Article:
The start of 2012 saw activists begin to arm themselves, and the Free Army emerged from Aleppo’s countryside and started to enter districts of the city. People from those districts then joined the ranks of the Free Army.
On July 20, 2012, the Battle of Aleppo broke out. The Free Army retaliated against regime forces and, through a series of military maneuvers, were able to push them to the southern and west regions of the city — places like Hamdaniya, Halab al-Gedida, and parts of the Salah al-Din district. The rebels gained control of the eastern side of the city, which includes Mashfa al-Ayoun, Masaken Hanano, Ansar al-Sharky, Shaar, Qatargy, Kady Asker, Gasr al-Haj, Firdaws, Sokkary and some parts of Salah al-Din.
In one of these eastern neighborhoods is the Saint Elijah monastery where Christian senior citizens live, while their children live in the western part with the enemy. They are separated by a border known today as “the frontline” because of the heavy fighting that has taken and still takes place there.
After the Battle of Aleppo and the splitting of the city, life in Aleppo became hell. The book speaks of the atmosphere that emerged, specifically how living conditions deteriorated, how public affairs were managed, how institutions were formed and how armed brigades controlled the “liberated” eastern areas.
Eastern Aleppo’s safety depends on the whims of the Assad regime, which has rained down barrel bombs and surface-to-surface missiles on residents at all times, but people also have to deal with the demands of the Free Army. Even looting became fair game, on the pretext that someone is a thug just because they have some wealth, so stripping them of all their possessions was justified.
People may not cross the front line except through the Bustan al-Qasr crossing between eastern and western Aleppo, which sees tragic incidents happen daily. The crossing actually has many names, according to one resident’s diary. Bustan al-Qasr is used because of the geographical association, but there is also: Karag al-Hegz crossing, Rafah Border crossing (with inspiration from Palestine), and the most famous name these days: the Crossing of Death. Regime snipers shoot at people crossing day and night; thousands and thousands of people have been killed that way. The length of time the crossing is open for depends on the mood of the fighters on both sides and on the intensity of their battles.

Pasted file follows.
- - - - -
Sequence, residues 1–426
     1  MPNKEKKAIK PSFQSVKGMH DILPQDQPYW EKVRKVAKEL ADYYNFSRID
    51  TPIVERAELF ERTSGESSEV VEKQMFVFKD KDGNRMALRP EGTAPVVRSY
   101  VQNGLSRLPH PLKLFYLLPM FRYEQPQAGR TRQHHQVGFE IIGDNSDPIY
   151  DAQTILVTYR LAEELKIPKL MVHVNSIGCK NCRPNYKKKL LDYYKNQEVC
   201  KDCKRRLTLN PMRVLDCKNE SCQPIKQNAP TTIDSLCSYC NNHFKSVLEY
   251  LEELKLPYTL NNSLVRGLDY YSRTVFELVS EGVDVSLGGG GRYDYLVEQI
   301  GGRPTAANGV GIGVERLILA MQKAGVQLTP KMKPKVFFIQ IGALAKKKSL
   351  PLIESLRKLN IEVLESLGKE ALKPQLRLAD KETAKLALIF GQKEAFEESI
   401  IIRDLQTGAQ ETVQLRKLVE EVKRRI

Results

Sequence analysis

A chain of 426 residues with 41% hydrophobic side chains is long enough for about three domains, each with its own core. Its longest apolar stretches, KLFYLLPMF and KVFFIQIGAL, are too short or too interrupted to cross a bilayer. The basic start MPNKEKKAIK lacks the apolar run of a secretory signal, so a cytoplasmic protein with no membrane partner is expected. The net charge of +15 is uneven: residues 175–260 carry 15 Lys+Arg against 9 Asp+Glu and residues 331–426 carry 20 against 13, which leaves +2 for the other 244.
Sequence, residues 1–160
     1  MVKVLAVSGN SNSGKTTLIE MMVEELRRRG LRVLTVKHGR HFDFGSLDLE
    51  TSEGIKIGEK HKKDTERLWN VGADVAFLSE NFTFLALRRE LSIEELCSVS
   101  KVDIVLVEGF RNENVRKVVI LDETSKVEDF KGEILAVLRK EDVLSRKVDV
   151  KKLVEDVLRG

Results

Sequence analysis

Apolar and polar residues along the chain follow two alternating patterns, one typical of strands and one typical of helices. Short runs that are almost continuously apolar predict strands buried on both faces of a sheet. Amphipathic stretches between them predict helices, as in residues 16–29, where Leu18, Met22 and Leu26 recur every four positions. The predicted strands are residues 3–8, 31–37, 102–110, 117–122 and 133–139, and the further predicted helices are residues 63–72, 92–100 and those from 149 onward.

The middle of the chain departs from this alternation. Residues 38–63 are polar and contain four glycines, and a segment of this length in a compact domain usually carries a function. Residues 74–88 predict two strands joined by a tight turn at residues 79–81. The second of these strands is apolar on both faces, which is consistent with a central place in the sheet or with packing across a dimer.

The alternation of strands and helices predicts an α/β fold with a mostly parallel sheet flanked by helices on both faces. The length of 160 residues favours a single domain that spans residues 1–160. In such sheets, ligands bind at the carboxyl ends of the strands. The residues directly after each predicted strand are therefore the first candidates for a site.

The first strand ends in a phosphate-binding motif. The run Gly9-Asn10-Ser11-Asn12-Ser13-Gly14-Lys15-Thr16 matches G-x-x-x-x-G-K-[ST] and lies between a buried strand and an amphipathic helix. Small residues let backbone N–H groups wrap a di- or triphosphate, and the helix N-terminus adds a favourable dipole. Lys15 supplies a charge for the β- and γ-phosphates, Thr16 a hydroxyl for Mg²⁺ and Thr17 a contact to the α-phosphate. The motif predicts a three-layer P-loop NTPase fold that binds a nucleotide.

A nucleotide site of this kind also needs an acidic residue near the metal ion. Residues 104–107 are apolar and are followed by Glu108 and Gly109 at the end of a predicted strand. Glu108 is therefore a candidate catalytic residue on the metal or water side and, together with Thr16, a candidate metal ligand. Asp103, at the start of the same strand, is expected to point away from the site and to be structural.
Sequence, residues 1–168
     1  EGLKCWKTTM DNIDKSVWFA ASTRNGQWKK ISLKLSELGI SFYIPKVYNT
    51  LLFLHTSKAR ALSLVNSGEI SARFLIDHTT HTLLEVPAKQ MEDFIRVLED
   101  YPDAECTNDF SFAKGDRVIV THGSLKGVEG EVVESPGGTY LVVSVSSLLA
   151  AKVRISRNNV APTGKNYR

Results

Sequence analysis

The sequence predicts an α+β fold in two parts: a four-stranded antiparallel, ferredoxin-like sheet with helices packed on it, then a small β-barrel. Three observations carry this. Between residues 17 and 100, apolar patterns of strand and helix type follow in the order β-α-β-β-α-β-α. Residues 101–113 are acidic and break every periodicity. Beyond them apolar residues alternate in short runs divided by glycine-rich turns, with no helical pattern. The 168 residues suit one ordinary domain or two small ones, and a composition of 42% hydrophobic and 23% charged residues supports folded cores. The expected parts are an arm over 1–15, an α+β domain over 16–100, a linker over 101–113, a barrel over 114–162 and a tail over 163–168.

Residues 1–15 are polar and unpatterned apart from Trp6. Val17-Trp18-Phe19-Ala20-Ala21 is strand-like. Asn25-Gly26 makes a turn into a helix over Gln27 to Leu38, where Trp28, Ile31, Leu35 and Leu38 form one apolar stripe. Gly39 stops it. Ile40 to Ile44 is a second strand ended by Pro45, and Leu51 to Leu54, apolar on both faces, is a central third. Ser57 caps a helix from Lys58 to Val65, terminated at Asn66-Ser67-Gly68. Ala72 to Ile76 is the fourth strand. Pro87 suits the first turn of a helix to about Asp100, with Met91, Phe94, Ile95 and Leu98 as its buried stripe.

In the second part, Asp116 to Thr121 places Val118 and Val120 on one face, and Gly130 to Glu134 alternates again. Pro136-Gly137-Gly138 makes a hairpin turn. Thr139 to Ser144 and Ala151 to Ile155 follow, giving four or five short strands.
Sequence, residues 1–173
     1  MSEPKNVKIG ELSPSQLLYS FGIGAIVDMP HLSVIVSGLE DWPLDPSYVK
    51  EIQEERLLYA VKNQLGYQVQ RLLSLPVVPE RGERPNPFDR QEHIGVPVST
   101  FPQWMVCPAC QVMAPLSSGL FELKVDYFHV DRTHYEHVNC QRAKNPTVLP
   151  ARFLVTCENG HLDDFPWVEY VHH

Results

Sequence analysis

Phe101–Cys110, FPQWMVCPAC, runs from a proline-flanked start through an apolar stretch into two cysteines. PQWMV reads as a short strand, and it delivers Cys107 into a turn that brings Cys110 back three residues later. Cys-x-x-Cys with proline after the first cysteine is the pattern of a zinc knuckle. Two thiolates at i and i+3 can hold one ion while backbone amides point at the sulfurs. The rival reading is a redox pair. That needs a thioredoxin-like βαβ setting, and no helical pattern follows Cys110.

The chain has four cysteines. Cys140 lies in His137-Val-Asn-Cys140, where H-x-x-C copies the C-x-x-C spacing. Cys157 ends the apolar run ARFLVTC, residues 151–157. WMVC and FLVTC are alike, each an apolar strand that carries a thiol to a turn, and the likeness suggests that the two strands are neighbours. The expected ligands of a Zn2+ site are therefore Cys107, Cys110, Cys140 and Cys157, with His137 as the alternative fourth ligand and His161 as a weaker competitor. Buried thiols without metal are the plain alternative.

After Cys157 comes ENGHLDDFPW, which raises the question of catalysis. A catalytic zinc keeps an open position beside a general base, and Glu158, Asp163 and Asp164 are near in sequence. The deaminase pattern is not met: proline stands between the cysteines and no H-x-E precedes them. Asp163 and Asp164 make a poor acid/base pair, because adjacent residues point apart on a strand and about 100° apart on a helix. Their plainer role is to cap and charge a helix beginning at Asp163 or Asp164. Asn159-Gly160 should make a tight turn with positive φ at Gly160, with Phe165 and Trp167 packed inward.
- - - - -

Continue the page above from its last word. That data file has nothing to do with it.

A horrific story told by a citizen named Fouad Mohamed Fouad demonstrates the horror. A sniper once targeted a woman carrying two children. He shot the first child, and before the woman could fully turn to see, he shot the other one. She stood screaming “Kill me! Kill me too!” but he would not.
Despite being alone and unarmed, Syrians resist the killing and the systematic destruction of the infrastructure of their cities, determined to live, undaunted by the insipid rhetoric of “nothing can be done” that the world dramatically exports to them.
Do we dare to say that the world and its corrupt capitalist media are a disgrace to humanity? Yes. The Syrians have the audacity to write on a giant sign in Kafr Nabl: “Down with the world… Down with everything.”
Standing alone on their feet after shells and barrel bombs hit them, with all their injuries and their homes turned into rubble, they are able to condemn this world.